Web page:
12Why Do We Sleep? Hypothesis 1: Hypothesis 2: Hypothesis 3: Sleep evolved to conserve organisms’ energyHypothesis 2:Immobilization during sleep is adaptive because it reduces dangerHypothesis 3:Sleep helps animals to restore energy and other bodily resourcesThere are three main hypotheses regarding the evolutionary significance of sleep. To conserve energy, to be immobilized (and therefore out of danger), or to restore energy and other resources used during waking hours.Of the 3, number 3 has the most evidence, but the issue is still hotly debated.
13Sleep Deprivation Complete deprivation 3 or 4 days maxMaximum duration?Partial deprivation or sleep restrictionimpaired attention, reaction time, coordination, and decision makingaccidents: Chernobyl, Exxon Valdez, bus crashes, airline crashesSelective deprivationREM and slow-wave sleep: rebound effect – F 5.9Sleep deprivation studies indicate that people can function surprisingly well when sleep deprived; although effects on mood and performance are present, these are modest. Effects would be more severe, except most people have a hard time going without sleep for more than 3 or 4 days max.Sleep restriction, or partial deprivation, occurs when people make do with less sleep than normal…very common…can cause negative effects, particularly in performance, with long-lasting, difficult, or monotonous tasks...can be very, very costly…Three Mile Island, Chernobyl, and the Exxon Valdez were all ecological disasters caused in part by sleep deprivation on the part of workers.When researchers wake subjects up whenever they go into REM sleep, thus depriving them of this one particular stage, they find that soon, the person will try to go back into REM faster. Pretty soon, the researchers have to wake them up almost constantly. The increasing frequency of movement into REM within the sleep cycle is termed REM rebound, and it suggests that the body, for some reason, needs REM. The same rebound effect has been found for slow-wave sleep.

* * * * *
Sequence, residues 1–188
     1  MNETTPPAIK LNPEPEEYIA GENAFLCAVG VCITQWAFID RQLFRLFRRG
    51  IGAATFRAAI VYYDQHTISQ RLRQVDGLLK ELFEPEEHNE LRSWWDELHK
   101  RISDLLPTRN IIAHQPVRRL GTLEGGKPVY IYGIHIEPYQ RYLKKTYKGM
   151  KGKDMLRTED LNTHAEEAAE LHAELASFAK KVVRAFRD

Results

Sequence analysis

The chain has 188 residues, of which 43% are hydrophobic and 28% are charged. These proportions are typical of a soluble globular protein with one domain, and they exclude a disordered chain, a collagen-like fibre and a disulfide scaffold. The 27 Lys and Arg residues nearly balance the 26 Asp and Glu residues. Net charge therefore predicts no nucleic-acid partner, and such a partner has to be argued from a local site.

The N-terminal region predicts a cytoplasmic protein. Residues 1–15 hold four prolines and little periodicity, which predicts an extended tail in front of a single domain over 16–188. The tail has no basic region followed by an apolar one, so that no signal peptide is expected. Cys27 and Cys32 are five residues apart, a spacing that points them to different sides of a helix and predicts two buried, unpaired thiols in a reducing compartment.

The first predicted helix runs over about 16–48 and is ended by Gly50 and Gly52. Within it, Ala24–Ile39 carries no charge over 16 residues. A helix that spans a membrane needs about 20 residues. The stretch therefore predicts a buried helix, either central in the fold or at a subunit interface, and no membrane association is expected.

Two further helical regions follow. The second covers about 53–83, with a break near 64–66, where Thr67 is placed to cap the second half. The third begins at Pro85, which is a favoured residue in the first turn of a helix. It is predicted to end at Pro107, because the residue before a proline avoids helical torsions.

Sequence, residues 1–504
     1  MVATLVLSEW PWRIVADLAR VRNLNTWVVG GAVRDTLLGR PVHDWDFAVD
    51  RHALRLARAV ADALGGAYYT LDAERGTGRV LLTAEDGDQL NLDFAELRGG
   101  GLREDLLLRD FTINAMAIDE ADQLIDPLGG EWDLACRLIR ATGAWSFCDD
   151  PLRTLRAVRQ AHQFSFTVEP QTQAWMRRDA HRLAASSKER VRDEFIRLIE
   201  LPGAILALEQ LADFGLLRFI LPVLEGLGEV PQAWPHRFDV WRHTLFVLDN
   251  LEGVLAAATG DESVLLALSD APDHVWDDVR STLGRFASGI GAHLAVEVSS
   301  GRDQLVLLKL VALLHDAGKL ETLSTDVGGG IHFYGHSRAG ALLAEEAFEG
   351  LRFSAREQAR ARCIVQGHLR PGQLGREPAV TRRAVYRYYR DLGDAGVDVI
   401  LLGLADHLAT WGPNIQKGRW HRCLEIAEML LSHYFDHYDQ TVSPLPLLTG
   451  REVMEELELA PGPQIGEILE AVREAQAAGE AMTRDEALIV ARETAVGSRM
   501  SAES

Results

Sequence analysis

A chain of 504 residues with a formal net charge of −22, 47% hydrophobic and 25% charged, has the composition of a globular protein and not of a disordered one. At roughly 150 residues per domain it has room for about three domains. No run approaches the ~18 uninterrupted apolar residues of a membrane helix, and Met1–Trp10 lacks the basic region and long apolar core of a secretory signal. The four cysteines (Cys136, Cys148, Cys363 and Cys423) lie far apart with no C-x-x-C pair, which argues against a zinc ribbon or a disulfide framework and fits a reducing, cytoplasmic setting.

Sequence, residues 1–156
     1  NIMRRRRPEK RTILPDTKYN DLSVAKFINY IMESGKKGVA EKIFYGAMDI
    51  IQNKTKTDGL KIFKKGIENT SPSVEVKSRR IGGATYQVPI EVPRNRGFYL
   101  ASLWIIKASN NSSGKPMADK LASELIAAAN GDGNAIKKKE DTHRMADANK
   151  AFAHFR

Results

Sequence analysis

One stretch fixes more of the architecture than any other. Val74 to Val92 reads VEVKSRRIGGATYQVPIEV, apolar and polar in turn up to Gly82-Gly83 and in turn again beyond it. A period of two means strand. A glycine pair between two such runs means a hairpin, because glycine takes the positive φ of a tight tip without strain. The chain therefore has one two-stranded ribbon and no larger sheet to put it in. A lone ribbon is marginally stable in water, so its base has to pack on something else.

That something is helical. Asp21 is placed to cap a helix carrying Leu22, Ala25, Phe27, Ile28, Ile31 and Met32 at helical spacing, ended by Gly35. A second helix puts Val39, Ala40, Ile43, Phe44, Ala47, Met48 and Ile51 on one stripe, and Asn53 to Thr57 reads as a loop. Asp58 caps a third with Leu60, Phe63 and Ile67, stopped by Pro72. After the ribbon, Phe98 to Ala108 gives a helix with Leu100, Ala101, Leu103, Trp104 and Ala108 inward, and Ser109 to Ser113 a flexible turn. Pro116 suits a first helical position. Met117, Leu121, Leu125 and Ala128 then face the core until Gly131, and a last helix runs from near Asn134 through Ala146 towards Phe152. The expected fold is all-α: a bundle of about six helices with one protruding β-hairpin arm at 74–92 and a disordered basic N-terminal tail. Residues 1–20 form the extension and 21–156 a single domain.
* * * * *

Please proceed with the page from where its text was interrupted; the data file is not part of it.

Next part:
15Sleep Loss and Health Sleep loss can affect physiological processes Sleep restriction appears to trigger hormonal changes that increase hungerStudies have found a link between short sleep duration and increased obesityMortality rates are especially high among those who consistently sleep over 10 hours – F 5.10